BC-AP--AP European News Digest at 1100 GMT, AP
TOP STORIES FOR MONEY, OCTOBER 6, 2014
STOCKHOLM — U.S.-British scientist John O’Keefe and married Norwegian researchers May-Britt Moser and Edvard Moser won the Nobel Prize in medicine on Monday for discovering the “inner GPS” that helps the brain navigate through the world. Their findings on rats — and research suggests human have the same system in their brains — represent a “paradigm shift” in our knowledge of how cells work together to perform cognitive functions and could help scientists understand the mechanisms behind Alzheimer’s disease, the Nobel Assembly said. SENT: 550 words, photos. UPCOMING: 800 words by 1300 GMT. By Karl Ritter and Malin Rising.
HACIPASA, Turkey — Sevda, a 22-year-old waitress in a brown apron, recounts how she made a small fortune running smuggled diesel from a village on Turkey’s wild and dangerous border with Syria. But the days when she could earn 20 times her salary waiting tables came to an abrupt end several months ago when police arrested her and slapped her employers with a massive fine. The smuggled fuel came from oil wells in Iraq or Syria controlled by militants, including the Islamic State group, and was sold to middlemen who smuggled it across the Turkish-Syrian border. Western intelligence officials have alleged that Turkey is turning a blind eye to a flourishing trade that strengthens the Islamic State group, and Secretary of State John Kerry has called on Turkey to do more to stem the trade. Analysts estimate that the Islamic State group gets up to $3 million a day in revenue from oil fields seized in Iraq and Syria. SENT: 1,700 words, photos. By Desmond Butler.
VATICAN CITY — Pope Francis urged bishops to speak their minds about contentious issues like contraception, gays, marriage and divorce at the start Monday of a two-week meeting aimed at making the church’s teaching on family matters relevant to today’s Catholics. Francis told bishops they shouldn’t even be afraid of showing him disrespect, saying he wants a frank and open debate that shouldn’t be reined in by fears that some issues are too taboo to even be discussed. By Nicole Winfield.
LONDON — A woman who was accused of sending Internet abuse to the parents of missing girl Madeleine McCann has been found dead in a hotel room. Her death has revived debate about media responsibility and how best to respond to online “trolls.” Television channel Sky News identified 63-year-old Brenda Leyland as a Twitter user who had attacked Kate and Gerry McCann under the name “sweepyface.” Last week a Sky News reporter confronted Leyland on camera about the alleged abuse. SENT: 440 words.
LONDON — In a year that’s been awash with multi-billion dollar corporate deals, the number and value of mergers and acquisitions is set to grow further, reaching pre-crisis levels over the coming 12 months, consulting firm EY said Monday. In its biannual Global Capital confidence barometer, EY said global M&A is on course to return to 2006 levels in the next year thanks to improvements in market conditions. Companies started getting reluctant to do deals in 2007 when the credit crunch really started. The following year’s global financial crisis and subsequent recession saw M&A activity come to a near standstill. SENT: 380 words. By Pan Pylas.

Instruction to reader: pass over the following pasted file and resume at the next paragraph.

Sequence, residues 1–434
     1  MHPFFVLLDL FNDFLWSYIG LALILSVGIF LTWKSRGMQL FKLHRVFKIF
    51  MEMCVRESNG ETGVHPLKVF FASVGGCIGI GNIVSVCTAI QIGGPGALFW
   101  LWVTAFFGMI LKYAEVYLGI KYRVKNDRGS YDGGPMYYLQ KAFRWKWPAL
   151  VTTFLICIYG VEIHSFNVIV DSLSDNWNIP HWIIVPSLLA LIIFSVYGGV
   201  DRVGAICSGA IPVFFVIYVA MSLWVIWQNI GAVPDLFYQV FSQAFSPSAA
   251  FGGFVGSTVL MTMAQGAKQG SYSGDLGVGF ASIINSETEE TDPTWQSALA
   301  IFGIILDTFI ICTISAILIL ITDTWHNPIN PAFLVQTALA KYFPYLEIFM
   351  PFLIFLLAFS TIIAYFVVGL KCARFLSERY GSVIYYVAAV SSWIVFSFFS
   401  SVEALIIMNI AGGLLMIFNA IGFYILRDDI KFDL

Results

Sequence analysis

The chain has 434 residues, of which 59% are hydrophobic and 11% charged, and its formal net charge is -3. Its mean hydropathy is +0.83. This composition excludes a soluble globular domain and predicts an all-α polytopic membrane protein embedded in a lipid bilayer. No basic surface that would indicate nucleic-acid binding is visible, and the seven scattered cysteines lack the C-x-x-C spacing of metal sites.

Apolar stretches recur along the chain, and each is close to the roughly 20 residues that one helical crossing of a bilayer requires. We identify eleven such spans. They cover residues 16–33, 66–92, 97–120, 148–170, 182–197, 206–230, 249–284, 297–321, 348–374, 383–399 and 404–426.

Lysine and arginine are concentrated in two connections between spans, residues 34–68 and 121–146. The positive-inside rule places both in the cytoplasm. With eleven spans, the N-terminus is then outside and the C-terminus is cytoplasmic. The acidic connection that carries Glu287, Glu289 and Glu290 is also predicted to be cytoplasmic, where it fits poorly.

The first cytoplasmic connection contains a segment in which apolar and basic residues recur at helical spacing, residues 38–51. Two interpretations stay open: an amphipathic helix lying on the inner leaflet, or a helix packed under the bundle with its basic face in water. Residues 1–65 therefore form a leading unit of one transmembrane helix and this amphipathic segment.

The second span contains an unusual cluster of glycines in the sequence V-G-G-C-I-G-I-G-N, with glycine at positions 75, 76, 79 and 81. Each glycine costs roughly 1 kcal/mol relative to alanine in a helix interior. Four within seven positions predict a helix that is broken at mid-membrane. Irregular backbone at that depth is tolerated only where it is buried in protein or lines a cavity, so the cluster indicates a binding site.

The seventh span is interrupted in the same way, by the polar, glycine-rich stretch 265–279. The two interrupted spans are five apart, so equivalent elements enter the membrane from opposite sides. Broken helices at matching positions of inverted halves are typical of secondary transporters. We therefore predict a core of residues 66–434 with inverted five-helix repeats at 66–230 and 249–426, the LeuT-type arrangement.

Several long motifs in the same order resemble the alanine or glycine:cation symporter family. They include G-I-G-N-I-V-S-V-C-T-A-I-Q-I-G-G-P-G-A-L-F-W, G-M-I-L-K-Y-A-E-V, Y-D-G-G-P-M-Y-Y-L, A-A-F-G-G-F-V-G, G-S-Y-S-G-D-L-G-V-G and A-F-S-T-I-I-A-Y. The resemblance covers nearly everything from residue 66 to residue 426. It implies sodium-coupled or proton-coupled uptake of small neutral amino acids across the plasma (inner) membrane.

SOFIA, Bulgaria — Former Bulgarian Prime Minister Boyko Borisov is returning to power after his center-right GERB party won most seats in parliamentary elections, but fell short of a majority to govern alone. With 99 percent of the votes counted, the GERB party leads with 32.7 percent, with the Socialists second with 15.4 percent, the Central Election Commission announced on Monday. SENT: 130 words.
ATHENS, Greece — Greece’s economy is on track to emerge from a six-year recession this year and grow by 2.9 percent in 2015, though unemployment in the bailed-out country is likely to remain high, the finance ministry said Monday. The government — facing the threat of an early general election — submitted a draft of the 2015 budget to parliament that sees tax cuts and a return to modest growth of 0.6 percent in 2014, ending the depression that erased roughly a quarter of national output. SENT: 380 words. By Derek Gatopoulos.
NICOSIA, Cyprus — Cyprus’ foreign minister says Turkey’s stated intention to search for oil and gas in waters where the ethnically-split island nation has licensed an Italian-South Korean consortium to drill could upset reunification talks. Ioanis Kasoulides says productive negotiations can’t continue “under such conditions of provocation.” He told reporters Monday that Cypriot President Nicos Anastasiades will decide soon on how to respond. SENT: 140 words.
WARSAW, Poland — NATO’s new secretary general, Jens Stoltenberg, is in Poland on his first foreign trip since starting the job last week, a visit meant to reassure a nervous ally on the alliance’s eastern flank. Speaking in Warsaw alongside the Polish president, Stoltenberg on Monday stressed that NATO would protect and defend each of its allies. SENT: 130 words.